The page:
Bone Marrow Transplantation

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ISSN / EISSN : 0268-3369 / 1476-5365
Current Publisher: Springer Science and Business Media LLC (10.1038)
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Total articles ≅ 9,798
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Yngvar Fløisand, Mark A. Schroeder, Patrice Chevallier, Dominik Selleslag, Steven Devine, Anne S. Renteria, , , Chunlin Chen, Andrejus Parfionovas, et al.
Bone Marrow Transplantation pp 1-12; doi:10.1038/s41409-021-01356-0

Abstract:
Steroid-refractory (SR) acute graft-versus-host disease (aGvHD) remains a significant complication after allogeneic hematopoietic cell transplantation. Systemic corticosteroids are first-line therapy for aGvHD, but apart from ruxolitinib, there are no approved treatments for SR aGvHD. Vedolizumab is approved for treatment of ulcerative colitis and Crohn’s disease, and may be effective for treatment of SR intestinal aGvHD. We conducted a phase 2a trial (NCT02993783) to evaluate the clinical efficacy, tolerability, and safety of vedolizumab 300 and 600 mg for SR intestinal aGvHD. This study was terminated before full enrollment was completed because early results failed to demonstrate positive proof-of-concept in efficacy. Before termination, 17 participants had enrolled and an early response in intestinal aGvHD was observed in 11 and eight participants at days 15 and 28, respectively. All adverse events observed were consistent with those expected in a population with SR intestinal aGvHD. Overall, vedolizumab did not meet the primary efficacy endpoint (overall response at day 28), likely owing to premature study drug discontinuation, lack of efficacy, and the competing risks inherent with a population with advanced SR intestinal aGvHD. Nevertheless, this study provides valuable insights into the considerations needed when conducting studies in patients with SR intestinal aGvHD.
, Irene Defrancesco, , Francesco Barbato, Paolo Lopedote, Michele Dicataldo, Mariarosaria Sessa, Elisa Dan, Barbara Sinigaglia, Luca Zazzeroni, et al.
Bone Marrow Transplantation pp 1-4; doi:10.1038/s41409-021-01359-x

Stephanie Mac, Dat Ngo, Dongyun Yang, , , Shukaib Arslan, Sanjeet Dadwal, Amandeep Salhotra, Thai Cao, Nicole Karras, et al.
Bone Marrow Transplantation pp 1-7; doi:10.1038/s41409-021-01364-0

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, Eri Nishikawa, Atsunari Tsuchisaka, Takashi Hashimoto, Yusuke Okuno, Motoharu Hamada, Daisuke Ichikawa, , , Nobuhiro Nishio, et al.
Bone Marrow Transplantation pp 1-4; doi:10.1038/s41409-021-01335-5

Nassim Ait Abdallah, Mianbo Wang, Pauline Lansiaux, Mathieu Puyade, Sabine Berthier, Louis Terriou, Catney Charles, , Marie Hudson,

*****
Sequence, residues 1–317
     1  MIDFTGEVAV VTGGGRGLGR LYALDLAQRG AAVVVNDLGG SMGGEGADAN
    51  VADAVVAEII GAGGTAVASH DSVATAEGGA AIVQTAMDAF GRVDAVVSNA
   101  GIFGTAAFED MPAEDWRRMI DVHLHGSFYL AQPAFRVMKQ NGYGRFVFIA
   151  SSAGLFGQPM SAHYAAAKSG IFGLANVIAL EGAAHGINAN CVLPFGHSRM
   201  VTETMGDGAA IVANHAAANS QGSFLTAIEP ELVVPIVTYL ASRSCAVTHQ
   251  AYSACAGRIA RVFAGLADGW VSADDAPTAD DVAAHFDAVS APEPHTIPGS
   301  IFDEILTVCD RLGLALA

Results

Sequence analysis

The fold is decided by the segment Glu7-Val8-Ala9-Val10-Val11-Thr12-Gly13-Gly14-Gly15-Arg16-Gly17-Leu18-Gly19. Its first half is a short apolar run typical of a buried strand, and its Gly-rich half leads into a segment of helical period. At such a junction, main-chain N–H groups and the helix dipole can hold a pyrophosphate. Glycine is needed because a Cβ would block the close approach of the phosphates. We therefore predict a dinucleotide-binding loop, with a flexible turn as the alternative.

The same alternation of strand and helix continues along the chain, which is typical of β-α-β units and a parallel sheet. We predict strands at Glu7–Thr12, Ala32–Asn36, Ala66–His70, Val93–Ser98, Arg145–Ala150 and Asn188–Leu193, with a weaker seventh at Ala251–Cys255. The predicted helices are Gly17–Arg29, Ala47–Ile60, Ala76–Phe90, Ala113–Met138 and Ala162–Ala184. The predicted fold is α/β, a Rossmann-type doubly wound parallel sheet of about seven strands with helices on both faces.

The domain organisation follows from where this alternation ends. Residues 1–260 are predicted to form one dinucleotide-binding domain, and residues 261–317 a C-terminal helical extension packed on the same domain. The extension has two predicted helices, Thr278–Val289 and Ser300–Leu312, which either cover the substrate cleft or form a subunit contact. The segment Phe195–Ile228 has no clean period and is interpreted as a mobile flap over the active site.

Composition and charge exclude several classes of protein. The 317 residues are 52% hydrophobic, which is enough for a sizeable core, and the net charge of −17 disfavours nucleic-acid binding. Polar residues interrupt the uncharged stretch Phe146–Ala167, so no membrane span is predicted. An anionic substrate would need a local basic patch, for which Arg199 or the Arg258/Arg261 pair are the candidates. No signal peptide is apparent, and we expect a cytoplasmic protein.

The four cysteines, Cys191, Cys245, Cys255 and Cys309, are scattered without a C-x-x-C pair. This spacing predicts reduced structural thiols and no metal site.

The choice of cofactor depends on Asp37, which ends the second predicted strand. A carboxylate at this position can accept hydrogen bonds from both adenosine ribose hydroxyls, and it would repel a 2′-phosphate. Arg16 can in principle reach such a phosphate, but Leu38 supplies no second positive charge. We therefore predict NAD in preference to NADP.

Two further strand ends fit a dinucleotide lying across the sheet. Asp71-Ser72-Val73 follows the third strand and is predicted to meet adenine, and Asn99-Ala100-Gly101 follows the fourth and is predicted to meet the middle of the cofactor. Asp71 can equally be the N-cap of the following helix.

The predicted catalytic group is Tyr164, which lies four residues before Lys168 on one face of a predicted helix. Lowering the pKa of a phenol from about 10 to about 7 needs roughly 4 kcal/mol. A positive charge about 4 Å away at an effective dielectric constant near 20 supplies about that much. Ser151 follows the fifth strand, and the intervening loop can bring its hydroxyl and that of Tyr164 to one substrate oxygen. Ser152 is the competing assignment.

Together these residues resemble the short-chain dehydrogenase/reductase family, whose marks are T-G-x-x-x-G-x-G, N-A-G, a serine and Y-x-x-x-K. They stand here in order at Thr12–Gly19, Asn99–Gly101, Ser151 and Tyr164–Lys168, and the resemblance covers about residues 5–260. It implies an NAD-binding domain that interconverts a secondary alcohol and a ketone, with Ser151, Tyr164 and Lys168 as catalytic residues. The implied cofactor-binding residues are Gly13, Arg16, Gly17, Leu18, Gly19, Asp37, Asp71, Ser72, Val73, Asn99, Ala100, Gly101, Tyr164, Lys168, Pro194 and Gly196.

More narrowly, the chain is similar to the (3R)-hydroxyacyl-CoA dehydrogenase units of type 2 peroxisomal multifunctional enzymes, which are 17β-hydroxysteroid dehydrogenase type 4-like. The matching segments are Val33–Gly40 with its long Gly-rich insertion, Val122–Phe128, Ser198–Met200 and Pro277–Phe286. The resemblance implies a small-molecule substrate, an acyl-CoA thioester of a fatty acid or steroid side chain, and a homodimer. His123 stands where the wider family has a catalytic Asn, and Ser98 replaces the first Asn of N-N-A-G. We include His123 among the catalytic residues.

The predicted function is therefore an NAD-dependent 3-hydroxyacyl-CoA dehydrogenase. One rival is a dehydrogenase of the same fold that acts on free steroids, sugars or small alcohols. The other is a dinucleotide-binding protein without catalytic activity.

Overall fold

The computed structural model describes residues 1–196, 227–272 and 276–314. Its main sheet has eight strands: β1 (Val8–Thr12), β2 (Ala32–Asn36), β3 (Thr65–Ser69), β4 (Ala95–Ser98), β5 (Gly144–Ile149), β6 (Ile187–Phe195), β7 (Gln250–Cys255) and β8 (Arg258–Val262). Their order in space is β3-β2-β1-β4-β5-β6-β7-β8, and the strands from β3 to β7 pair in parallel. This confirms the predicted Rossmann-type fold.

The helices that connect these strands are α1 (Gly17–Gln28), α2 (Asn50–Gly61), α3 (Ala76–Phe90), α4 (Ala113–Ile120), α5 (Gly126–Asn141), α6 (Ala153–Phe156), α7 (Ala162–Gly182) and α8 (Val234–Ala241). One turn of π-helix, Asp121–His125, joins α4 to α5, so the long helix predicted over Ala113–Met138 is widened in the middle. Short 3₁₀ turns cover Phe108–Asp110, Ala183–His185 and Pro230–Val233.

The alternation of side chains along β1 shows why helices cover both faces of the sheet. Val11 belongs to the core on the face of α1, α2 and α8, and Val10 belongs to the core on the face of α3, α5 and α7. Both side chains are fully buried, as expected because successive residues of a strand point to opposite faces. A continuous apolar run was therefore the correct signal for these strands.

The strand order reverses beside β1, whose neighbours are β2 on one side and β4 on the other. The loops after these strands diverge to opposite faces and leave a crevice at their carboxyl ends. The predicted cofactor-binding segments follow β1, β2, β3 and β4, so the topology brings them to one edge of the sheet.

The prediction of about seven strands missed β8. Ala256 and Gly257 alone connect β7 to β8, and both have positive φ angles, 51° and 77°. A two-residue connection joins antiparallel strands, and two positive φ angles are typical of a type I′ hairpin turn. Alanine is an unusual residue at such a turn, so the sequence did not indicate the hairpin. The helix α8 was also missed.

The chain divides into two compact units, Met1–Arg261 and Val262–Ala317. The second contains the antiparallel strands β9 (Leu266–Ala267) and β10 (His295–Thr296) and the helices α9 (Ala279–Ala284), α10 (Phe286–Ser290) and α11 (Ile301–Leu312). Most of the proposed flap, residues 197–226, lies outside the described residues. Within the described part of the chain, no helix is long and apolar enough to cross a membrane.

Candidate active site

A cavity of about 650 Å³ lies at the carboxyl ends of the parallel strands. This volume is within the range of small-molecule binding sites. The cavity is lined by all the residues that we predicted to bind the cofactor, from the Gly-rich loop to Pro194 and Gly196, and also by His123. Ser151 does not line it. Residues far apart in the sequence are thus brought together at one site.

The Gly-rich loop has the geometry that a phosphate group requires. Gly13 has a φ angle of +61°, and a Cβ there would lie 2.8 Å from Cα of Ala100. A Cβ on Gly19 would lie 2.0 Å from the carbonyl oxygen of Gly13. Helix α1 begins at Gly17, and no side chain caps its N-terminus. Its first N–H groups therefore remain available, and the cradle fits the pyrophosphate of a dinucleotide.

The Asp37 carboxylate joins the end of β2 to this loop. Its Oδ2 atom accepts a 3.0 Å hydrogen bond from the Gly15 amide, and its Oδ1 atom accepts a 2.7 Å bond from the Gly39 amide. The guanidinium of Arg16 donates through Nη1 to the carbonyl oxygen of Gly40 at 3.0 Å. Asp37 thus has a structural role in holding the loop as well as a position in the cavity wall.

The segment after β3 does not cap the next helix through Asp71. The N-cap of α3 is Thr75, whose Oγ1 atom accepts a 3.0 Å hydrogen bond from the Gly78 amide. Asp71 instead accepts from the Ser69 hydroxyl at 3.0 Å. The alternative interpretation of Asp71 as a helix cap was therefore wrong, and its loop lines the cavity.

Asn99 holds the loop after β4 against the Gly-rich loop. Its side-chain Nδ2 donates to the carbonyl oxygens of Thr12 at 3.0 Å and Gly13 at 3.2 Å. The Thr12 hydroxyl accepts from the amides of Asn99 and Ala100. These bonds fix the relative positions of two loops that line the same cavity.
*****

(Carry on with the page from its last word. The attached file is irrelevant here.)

Bone Marrow Transplantation pp 1-9; doi:10.1038/s41409-021-01355-1

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Ram Vasudevan Nampoothiri, Lina Ho, Cassandra McEwan, Ivan Pasic, Wilson Lam, , Fotios V. Michelis, Santhosh Thyagu, Dennis (Dong Hwan) Kim, Armin Gerbitz, et al.
Bone Marrow Transplantation pp 1-6; doi:10.1038/s41409-021-01362-2

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, Myriam Labopin, , Nicolaus Kröger, Jan Cornelissen, Tobias Gedde-Dahl, Gwendolyn Van Gorkom, Jürgen Finke, Montserrat Rovira, Nicolaas Schaap, et al.
Bone Marrow Transplantation pp 1-9; doi:10.1038/s41409-021-01322-w

Abstract:
Acute myeloid leukemia with runt-related transcription factor 1 gene mutation (RUNX1+ AML) is associated with inferior response rates and outcome after conventional chemotherapy. We performed a retrospective, registry-based analysis to elucidate the prognostic value of RUNX1 mutation after allogeneic stem cell transplantation (alloSCT). All consecutive adults undergoing alloSCT for AML in first complete remission (CR1) between 2013 and 2019 with complete information on conventional cytogenetics and RUNX1 mutational status were included. Endpoints of interest were cumulative relapse incidence, non-relapse mortality, overall and leukemia-free survival (OS/LFS), and GvHD-free/relapse-free survival. A total of 674 patients (183 RUNX1+, 491 RUNX1−) were identified, with >85% presenting as de novo AML. Median follow-up was 16.4 (RUNX1+) and 21.9 (RUNX1−) months. Survival rates showed no difference between RUNX1+ and RUNX1− patients either in univariate or multivariate analysis (2-year OS: 67.7 vs. 66.1%, p = 0.7; 2-year LFS: 61.1 vs. 60.8%, p = 0.62). Multivariate analysis identified age, donor type and poor cytogenetics as risk factors for inferior outcome. Among patients with RUNX+ AML, older age, reduced intensity conditioning and minimal residual disease at alloSCT predicted inferior outcome. Our data provide evidence that the negative influence of RUNX1 mutations in patients with AML can be overcome by transplantation in CR1.
, Spanish Group for Hematopoietic Stem cell Transplantation (GETH), Maria Jesús Pascual, Mi Kwon, Ariadna Pérez, Rocio Parody, Christelle Ferra, , Beatriz Herruzo, Nieves Dorado, et al.
Bone Marrow Transplantation; doi:10.1038/s41409-021-01328-4

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